Rules of engagement

Ron Jacobs rjacobs at
Fri Apr 27 08:52:00 MDT 2001

I like the juxtaposition of these two articles--it brings home the fact
that police serve the same role in America's internal colonies as the
military does in its overseas adventures.  To me, as a military brat whose
dad was in Nam, and as a former antiwarrior on US military bases, Kerrey's
recent comments reveal, once again, how common it was/is for soldiers to
have been involved in these missions where civilians are targets, which in
turn reveals that US war policy considers civilians and civilian
infrastructures legitimate targets.  The press is asking the wrong
questions of course.  Instead of asking why Kerrey took so long to reveal
this episode, it should be asking why it (and the thousands of similar
episodes) ever happened in the first place. There are hundreds of vets who
still can not face what they did--some of them we walk by every day on the
street as they hide their demons in drugs and alcohol, others prefer to
believe their cause (and hence their actions) were noble and just and push
for others to do similar things somewhere else, some became activists
opposed to war and/or imperialism, some found religion, and the rest just
carry their cross to their grave.  Kerrey at least has the right take on
his involvement when he says the question to ask when contemplating war is
does it justify killing?

-ron jacobs

At 09:29 AM 04/27/2001 -0400, you wrote:
>The New York Times, April 26, 2001, Thursday, Late Edition - Final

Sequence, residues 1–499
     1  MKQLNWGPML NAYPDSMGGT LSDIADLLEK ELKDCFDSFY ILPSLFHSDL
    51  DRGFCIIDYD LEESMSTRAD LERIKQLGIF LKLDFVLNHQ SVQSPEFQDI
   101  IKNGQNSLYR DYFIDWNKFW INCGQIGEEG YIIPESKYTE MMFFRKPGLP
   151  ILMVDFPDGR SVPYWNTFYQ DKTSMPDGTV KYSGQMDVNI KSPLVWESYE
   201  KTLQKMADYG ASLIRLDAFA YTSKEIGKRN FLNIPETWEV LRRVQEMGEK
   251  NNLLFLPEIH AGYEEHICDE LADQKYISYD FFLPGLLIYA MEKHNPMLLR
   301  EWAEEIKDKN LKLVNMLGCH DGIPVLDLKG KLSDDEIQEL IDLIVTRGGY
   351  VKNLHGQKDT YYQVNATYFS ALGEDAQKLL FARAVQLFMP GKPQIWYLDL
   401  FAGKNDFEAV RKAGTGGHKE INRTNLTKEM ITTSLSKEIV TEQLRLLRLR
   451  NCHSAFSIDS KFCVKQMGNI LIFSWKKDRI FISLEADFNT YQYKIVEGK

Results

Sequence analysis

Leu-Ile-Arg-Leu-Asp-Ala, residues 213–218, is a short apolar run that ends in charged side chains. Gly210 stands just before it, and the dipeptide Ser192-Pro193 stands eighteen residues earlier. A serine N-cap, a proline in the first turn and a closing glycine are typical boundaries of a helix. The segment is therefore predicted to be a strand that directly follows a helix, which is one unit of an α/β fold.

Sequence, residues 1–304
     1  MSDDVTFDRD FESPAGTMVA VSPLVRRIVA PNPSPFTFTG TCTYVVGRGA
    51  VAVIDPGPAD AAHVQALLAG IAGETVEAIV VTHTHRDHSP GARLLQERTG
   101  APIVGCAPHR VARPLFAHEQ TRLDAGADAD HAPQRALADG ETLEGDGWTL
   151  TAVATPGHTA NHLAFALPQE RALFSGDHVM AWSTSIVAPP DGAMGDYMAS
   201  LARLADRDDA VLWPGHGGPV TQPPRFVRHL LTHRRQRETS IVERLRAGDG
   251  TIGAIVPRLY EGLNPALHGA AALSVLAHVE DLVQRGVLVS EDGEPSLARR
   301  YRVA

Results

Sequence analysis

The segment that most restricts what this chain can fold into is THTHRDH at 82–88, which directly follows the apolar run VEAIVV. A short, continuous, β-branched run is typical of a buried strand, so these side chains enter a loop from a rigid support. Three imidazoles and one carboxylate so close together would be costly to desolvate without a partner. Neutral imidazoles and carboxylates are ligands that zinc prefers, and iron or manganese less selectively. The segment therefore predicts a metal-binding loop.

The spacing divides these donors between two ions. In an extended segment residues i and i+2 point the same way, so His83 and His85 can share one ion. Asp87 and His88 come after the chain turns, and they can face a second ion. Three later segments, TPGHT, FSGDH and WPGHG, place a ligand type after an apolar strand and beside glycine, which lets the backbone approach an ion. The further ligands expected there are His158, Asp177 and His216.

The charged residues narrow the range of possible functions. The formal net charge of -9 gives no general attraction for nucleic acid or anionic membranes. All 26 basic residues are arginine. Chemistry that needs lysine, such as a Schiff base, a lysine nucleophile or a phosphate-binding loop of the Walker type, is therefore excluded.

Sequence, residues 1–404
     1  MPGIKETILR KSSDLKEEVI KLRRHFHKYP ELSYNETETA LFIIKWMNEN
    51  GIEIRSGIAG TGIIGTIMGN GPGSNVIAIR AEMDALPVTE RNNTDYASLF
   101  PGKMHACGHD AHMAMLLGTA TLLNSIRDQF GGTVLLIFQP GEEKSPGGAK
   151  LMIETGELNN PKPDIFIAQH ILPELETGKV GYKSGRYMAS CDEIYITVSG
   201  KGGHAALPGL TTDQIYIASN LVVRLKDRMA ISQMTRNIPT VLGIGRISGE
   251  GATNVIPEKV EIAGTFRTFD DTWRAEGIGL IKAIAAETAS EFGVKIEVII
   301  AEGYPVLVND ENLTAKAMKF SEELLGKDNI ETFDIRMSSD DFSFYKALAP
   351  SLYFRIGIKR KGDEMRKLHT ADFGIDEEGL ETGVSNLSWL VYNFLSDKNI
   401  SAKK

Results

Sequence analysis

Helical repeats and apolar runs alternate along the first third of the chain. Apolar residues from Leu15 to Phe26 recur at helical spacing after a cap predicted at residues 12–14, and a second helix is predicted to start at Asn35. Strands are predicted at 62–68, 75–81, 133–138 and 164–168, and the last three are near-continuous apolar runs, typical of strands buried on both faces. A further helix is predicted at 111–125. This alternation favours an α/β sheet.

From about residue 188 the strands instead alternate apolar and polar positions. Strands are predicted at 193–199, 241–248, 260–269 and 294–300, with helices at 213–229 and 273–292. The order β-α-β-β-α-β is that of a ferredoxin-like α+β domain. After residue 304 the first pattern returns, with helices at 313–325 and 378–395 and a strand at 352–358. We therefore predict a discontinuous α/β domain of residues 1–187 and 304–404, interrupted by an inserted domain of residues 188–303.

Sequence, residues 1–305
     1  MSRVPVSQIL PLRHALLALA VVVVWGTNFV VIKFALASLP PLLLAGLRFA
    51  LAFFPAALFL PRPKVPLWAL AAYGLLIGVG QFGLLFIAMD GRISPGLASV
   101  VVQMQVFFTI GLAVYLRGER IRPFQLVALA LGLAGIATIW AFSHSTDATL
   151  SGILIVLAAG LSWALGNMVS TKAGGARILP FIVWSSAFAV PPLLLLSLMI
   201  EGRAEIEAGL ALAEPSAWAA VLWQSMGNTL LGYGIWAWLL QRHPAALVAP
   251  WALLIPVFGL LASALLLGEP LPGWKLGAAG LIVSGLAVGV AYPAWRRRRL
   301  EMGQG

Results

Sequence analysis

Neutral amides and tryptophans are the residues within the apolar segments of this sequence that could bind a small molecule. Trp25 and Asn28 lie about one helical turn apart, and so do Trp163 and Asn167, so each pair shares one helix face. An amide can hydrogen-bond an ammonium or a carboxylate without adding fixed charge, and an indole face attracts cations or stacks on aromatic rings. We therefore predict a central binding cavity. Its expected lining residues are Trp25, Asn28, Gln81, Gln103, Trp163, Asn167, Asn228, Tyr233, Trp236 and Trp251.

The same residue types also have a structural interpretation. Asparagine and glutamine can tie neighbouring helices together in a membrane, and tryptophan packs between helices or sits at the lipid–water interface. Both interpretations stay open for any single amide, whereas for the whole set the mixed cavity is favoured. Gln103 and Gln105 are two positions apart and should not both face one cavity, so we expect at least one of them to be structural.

>Ex-Senator Kerrey Says Raid He Led in '69 Killed Civilians
>Bob Kerrey, a former United States senator who won the Medal of Honor for
>his military service in Vietnam, has acknowledged that a combat mission he
>led there three decades ago caused the deaths of 13 to 20 unarmed
>civilians, most of them women and children. . .
>The incident, he said, illustrated why the military needed to provide
>training not only in how to kill, but also how to cope with killing. "When
>contemplating war we must abandon euphemism and answer the question: does
>the cause justify sending young men out to kill other human beings?" he
>said in the speech.
>When he finished speaking, Mr. Kerrey received a standing ovation. Men his
>age, he said, came up to him to describe similar experiences.
>He also said that while attending a conference last weekend at the United
>States Military Academy at West Point, he had discussed the incident at
>Thanh Phong with Gary Solis, who is a war crimes expert who teaches the
>rules of war at the academy.
>"It's the first time I had read the rules of war," Mr. Kerrey said. "I
>certainly wasn't trained in them."
>NY Times, April 27, 2001
>Police Dept. Rejects Punishment for Officers in Diallo Shooting
>Police Commissioner Bernard B. Kerik has decided not to discipline the four
>officers who killed Amadou Diallo in a hail of gunfire in the Bronx two
>years ago, but will order them to undergo retraining in tactics,
>high-ranking police officials said last night.
>These officials said Mr. Kerik would announce as early as today that he had
>accepted recommendations by two departmental investigating panels that
>found that the officers, despite their barrage at an unarmed man, had not
>violated police guidelines because they believed that Mr. Diallo had a gun
>and that their lives were in imminent danger.
>Louis Proyect
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